Thursday, March 22, 2007

Will my $33.8K grow into a $1mil gold pot?

Will my $30K grow into a $1mil gold pot?

=== Part 1 ===

Last Friday, on the my MRT trip back home, I overheard an interesting conversation between 2 guys. One of the guy is in the early 30s? (lets call him Yuppie) and the other in late 50s? (Owen) . It went something like this:

Owen: You must buy a house lar! My mother recently sold her house for more than $125k! When she bought in the 60s, it was only $6k!

Yuppie: But now housing so expensive! That generation is over liao....

=== Part 2 ===

Wow! I thought to myself from $6k to $125k! As soon as Mr. Yuppie and Mr. John alighted, I whipped out my trusty scientific calculator and start punching in... [125] [/] [6] [=] [x^y] [(] [1] [/] [42] [)] [=] and guess what is the answer... 1.07497661853...

=== Part 3 ===

Hmmm...buying the property is great!... the compounded interest rate is 7.5 percent, the only problem is I do not have so much cash to put it down to purchase an investment-grade property now... of course unless I take a loan which is out of the question.... I don't like to be in debt...

I started to play with my trusty calculator, after a few tweaks, I *think* got this winning combination... with initial investment of $33.8k, at 12 percent compounded rate, in 30 years, the sum would be a tidy $1,0126,453. YEAH!!!

=== Part 4 ===

The only thing for me to do now, is to save my 33.8k, find an investment that will likely give compounded return at 12 percent consistently for the next 30 years... then I would have my pot of gold.... hmmm..... sounds quite mission impossible.... if you have any candidates in mind, do leave me a comment....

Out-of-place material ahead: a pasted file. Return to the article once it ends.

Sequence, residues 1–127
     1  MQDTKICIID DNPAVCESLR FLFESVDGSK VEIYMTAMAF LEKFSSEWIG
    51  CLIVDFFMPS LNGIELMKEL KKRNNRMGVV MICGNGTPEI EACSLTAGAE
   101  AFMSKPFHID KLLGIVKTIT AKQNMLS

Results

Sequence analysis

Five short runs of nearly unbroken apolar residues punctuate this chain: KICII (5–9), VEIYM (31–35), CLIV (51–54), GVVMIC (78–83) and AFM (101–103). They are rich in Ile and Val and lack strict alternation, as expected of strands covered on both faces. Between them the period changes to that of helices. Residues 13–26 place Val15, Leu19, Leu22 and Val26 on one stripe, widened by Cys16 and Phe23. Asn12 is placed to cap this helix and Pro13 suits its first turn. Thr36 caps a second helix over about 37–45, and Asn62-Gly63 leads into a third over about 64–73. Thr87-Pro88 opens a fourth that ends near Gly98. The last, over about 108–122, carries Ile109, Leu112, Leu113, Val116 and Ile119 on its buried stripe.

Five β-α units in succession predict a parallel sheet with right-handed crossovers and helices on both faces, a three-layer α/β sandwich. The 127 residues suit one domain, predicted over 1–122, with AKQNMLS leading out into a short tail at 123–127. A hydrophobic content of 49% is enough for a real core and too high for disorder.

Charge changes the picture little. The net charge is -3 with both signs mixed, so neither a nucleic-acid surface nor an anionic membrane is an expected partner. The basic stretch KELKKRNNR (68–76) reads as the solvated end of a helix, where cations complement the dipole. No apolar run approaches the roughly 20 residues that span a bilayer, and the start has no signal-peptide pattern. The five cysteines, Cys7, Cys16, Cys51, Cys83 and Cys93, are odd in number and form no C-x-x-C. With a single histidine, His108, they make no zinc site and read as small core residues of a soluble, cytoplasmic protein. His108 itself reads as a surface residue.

Warm regards,
Fu Chin

Disclaimer: Completeness, accuracy and opinions based on information and comments mentioned via this website cannot be guaranteed. Investors should always conduct their own research before making investment decisions.


returntomean said...

DLS the dividend reinvested international small cap ETF should return a point over the snp 500.

I dont own it yet, i am looking for the best among the wisdom tree indices. Some more research is required.

I own Brk-b which should get your desired rate for the next decade but 30 years? cant say.

returntomean said...

As a note did the house price appreciation occured in a time when inflation rates were high? If so then the 7% doesnt mean much.If inflation has been 3% then real returns have been only 4%. You also need to deduct annual taxes etc. If teh house was rented out that should have offset inflation. The SNP 500 has returned more and usually returns 6% above inflation.

returntomean said...

Ok couldnt resist one more comment!

A better way to invest in property especially if you have only small amounts of cash is to buy stocks of a REIT and reivest all dividends back into the REIT. Individuals dont maximise income from property, a REIT does that and also passes on price appreciation to you. Also you need only buy as many shares as you can afford.

There is no long term track record ( >30 years ) for REITS but what i have seen is positive.

TheKen said...

Hi Fu Chin,

Do you want to exchange links with my blog ?

LuckySingaporean said...


My name is Lucky Tan. Some of you may know me for my blog on political commentary. I have not purchased a single stock since middle of last year when I bought some COSCO ( I've been investing with decent returns for many years.

Over the years I've been through many bull markets and many bear markets. But through the UPs and DOWNs, somehow I have done okay overall.

I really think investing is simpler than many people make it out to be. The future is fraught with uncertainty, and many people spend too much time trying to "predict the future" of companies. Over the decades, I've invested in more than 400 companies and kept track of many more.